Beth’s Book Blog April 2016

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During my recent holiday in Colorado, I attended the American Booksellers Association Winter Institute with a number of Dutch book colleagues.  Two keynote addresses were particularly stimulating and I want to recommend the associated books.

small-data-the-tiny-clues-that-uncover-huge-trends-by-martin-lindstrom-1466892595Martin Lindstrom, an engaging and respected business analyst and international brand-building advisor, has written the bestseller Buyology and just published his new work Small Data. This book looks at the tiny clues which uncover big trends in a way which Big Data databases cannot hope to match.  Lindstrom interviews thousands of people in their homes, looking at those themes and things  which evoke emotion in consumers.  A vibrant, idiosyncratic and challenging book!

Harvard professor Amy Cuddy’s Ted Talk (Watch it!!) on “power poses” has inspired tens of millions of viewers who are shown how to use their body language to unlock their own confidence.  41V8x8JjSDL._SX321_BO1,204,203,200_Her new book Presence: Bringing your boldest self to your biggest challenges  shows us the science behind Cuddy’s  technique – not “Fake it ‘til you make it” but “Fake it ‘til you become it.”  Presence is a manifesto for students and managers facing intimidating challenges, for young girls who need to bolster their self-esteem – in short, for all of us who need to get our minds and bodies working together to promote our ideas. Cuddy shared a personal anecdote with me about a son who spent five minutes every morning striking a power pose with his father and rediscovered for a brief moment the man he had lost to dementia.  A fabulous concept, a great read.  Watch our website for an announcement of Cuddy’s visit to Amsterdam.  We are working on it!!

9781770894143_edacd8ca-0aef-45b1-a5d6-aaa327c8278bThe Canadian author Patrick DeWitt, whose Booker short-listed Sisters Brothers brilliantly parodied the traditional Western, plays with the “folk tale noir” in the recently released comic novel Under Majordomo Minor.  The puny Lucien Minor, aka Lucy, leaves his Middle European village to seek his fortune in the gothic castle of an absent baron.  The story proceeds from one quirky scene of train pickpockets to a party of debauched aristocrats and a shakily satisfying tale of young love.  DeWitt writes with marvellous absurdity and strictly on his own terms.  Enjoy but expect the unexpected.

41Mqr37ywTL._SX324_BO1,204,203,200_Stefan Zweig, a prolific and popular Austrian writer (1882-1942) is perhaps best known now for his autobiography, The World of Yesterday. Penguin has just issued in its Modern Classics series a new translation of Ungeduld des Herzens which originally appeared as Beware of Pity and has been renamed Impatience of the Heart. This is a fabulously dramatic tale of a gallant and naive soldier who, with the best of intentions, lets his pity for  a young crippled aristocrat entangle him in a complex relationship in interbellum Europe. Zweig is a master craftsman and a great storyteller.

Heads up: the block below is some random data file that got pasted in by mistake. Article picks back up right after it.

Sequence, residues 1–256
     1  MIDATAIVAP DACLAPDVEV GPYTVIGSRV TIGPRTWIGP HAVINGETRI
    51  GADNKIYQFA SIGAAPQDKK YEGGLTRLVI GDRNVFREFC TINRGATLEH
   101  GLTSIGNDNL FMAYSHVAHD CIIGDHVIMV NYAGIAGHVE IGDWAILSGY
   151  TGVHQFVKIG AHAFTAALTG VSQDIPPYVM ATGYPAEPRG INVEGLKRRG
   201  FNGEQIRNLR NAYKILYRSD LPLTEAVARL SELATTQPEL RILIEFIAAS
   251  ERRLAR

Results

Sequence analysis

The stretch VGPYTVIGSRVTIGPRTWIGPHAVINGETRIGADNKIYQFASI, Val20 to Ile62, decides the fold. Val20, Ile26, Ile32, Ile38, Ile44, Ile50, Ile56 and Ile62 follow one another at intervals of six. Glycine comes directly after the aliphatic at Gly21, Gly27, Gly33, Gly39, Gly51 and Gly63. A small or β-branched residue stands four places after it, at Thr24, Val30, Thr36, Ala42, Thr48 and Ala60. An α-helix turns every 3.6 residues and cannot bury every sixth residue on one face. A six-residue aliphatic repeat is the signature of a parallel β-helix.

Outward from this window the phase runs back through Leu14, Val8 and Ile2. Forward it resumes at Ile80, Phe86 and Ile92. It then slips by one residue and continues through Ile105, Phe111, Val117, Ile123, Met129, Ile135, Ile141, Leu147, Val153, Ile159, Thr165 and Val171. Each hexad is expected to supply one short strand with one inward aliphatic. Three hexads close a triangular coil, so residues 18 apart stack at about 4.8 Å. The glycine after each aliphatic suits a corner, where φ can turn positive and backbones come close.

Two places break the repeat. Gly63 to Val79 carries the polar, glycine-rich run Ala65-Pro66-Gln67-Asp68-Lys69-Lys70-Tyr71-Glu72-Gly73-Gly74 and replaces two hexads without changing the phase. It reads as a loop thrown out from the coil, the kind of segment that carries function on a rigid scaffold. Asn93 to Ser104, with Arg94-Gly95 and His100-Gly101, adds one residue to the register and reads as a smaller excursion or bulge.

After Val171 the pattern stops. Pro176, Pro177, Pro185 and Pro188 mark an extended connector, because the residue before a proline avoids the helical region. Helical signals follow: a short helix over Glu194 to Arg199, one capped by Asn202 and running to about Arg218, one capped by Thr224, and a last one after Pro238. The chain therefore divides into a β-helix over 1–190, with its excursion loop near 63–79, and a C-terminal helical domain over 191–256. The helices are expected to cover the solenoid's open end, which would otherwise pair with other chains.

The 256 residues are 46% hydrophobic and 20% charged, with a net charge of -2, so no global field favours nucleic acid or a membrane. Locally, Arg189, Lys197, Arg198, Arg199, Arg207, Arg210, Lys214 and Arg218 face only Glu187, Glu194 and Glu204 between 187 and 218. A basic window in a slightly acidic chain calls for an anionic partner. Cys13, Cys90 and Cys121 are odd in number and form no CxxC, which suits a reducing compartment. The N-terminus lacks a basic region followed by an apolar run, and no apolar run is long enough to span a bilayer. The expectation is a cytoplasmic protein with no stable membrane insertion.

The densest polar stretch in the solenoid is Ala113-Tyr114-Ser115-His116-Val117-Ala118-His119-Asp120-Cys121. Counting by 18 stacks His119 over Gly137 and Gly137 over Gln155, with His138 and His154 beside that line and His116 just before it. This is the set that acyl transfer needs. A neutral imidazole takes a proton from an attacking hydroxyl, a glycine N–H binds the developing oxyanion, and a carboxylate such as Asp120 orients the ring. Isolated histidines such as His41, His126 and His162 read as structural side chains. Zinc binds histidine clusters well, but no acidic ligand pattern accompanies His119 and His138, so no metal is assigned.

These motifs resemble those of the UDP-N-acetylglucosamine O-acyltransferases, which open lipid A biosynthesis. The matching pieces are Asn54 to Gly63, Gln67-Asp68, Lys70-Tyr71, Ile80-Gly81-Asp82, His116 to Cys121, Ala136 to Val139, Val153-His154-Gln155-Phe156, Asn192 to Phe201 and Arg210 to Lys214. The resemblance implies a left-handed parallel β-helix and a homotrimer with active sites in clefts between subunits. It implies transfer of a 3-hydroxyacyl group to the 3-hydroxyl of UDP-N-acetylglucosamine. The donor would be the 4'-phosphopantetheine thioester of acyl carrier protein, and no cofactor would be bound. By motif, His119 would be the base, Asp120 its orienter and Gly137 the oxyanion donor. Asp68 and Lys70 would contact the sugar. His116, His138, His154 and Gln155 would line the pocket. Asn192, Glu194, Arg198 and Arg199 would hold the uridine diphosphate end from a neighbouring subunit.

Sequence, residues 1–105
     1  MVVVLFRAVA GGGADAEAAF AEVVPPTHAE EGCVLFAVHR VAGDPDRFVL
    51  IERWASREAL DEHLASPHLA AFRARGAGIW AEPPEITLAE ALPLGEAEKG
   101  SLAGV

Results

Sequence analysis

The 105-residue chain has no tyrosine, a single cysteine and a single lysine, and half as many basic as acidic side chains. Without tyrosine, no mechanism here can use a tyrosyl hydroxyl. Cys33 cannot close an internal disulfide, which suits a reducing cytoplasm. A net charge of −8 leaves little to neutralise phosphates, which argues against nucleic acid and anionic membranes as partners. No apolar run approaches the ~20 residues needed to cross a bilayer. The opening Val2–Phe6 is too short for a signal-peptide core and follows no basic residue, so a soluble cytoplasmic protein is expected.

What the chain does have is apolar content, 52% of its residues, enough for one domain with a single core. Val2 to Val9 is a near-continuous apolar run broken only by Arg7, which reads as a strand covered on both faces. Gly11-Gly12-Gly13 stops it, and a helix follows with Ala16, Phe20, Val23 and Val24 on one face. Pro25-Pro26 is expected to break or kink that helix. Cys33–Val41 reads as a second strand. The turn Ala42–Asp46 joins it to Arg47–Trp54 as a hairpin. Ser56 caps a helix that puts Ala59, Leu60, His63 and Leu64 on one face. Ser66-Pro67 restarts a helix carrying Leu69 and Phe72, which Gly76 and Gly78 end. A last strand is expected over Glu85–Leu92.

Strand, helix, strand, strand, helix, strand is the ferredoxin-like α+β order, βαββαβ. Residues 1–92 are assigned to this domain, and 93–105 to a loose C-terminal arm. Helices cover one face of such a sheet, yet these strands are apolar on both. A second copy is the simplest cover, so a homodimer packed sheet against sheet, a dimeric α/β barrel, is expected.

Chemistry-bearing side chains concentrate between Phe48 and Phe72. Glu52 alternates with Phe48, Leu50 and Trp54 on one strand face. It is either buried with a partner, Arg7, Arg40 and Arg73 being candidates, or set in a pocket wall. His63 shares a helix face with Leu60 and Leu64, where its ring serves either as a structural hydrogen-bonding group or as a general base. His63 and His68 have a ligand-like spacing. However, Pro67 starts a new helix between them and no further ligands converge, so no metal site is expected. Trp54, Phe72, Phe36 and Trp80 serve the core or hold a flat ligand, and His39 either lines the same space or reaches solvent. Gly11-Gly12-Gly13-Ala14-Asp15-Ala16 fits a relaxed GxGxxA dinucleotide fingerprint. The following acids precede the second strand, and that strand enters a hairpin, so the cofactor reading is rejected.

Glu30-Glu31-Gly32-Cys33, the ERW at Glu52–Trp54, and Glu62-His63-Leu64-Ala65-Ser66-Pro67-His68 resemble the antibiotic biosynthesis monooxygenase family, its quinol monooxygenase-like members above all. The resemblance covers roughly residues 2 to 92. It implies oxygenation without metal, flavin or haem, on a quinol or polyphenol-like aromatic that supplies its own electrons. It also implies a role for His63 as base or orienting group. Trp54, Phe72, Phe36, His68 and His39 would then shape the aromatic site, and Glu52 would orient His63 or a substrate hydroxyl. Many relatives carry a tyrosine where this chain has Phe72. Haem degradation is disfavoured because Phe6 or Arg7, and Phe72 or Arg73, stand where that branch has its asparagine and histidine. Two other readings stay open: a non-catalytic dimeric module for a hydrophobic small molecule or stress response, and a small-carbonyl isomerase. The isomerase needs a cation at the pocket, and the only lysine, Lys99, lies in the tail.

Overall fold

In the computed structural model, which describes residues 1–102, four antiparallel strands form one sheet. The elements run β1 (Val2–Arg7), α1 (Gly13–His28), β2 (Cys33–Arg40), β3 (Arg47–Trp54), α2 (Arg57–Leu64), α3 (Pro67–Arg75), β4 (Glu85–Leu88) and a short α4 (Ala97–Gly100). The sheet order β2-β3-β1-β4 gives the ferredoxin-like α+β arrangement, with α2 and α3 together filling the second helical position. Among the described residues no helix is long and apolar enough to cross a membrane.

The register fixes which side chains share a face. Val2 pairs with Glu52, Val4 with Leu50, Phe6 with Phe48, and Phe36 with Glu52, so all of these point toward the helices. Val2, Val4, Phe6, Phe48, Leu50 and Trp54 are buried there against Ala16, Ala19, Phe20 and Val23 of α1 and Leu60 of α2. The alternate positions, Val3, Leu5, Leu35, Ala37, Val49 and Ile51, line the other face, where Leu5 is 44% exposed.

23209927At the Water’s Edge by Sara Gruen recounts the rather unlikely story of spoiled American upper class socialites who head to Scotland, determined to prove the existence of the Loch Ness monster – and this in the midst of the WWII U-boat attacks on the High Seas.  While the plot is predictable – (the bored young wife, Maddie, learns about real life), Gruen’s skills as an author (Water for Elephants) manifest themselves and this turns out to be a page-turner.  Certainly the perfect airplane read!

All American Boys, a compelling and highlyUnknown acclaimed Young Adult novel by authors Jason Reynold and Brendan Kiely, erupts with a shocking incident of police brutality against the young African-American high school student Rashad.  Reynolds is the voice of Rashad and Kriely portrays the white teen Quinn who witnesses the attack and wants nothing more than to have life return to normal.  This exploration of racism focuses on the role each of us plays in building walls instead of bridges between our communities.  See the detailed review by the New York Times.

For teachers, read this in parallel with Ralph Ellison’s classic The Invisible Man and Ta-Nehisi Coates memoir of his father, The Beautiful World and his letter to his young son, Between the World and Me.

Beth Johnson is the owner of Boekhandel Van Rossum (Beethovenstraat 32 in Amsterdam). Beth writes about and sells a wide range of Dutch and English books for children, young adults and mature readers.

Beth would also be delighted to receive feedback about her book recommendations.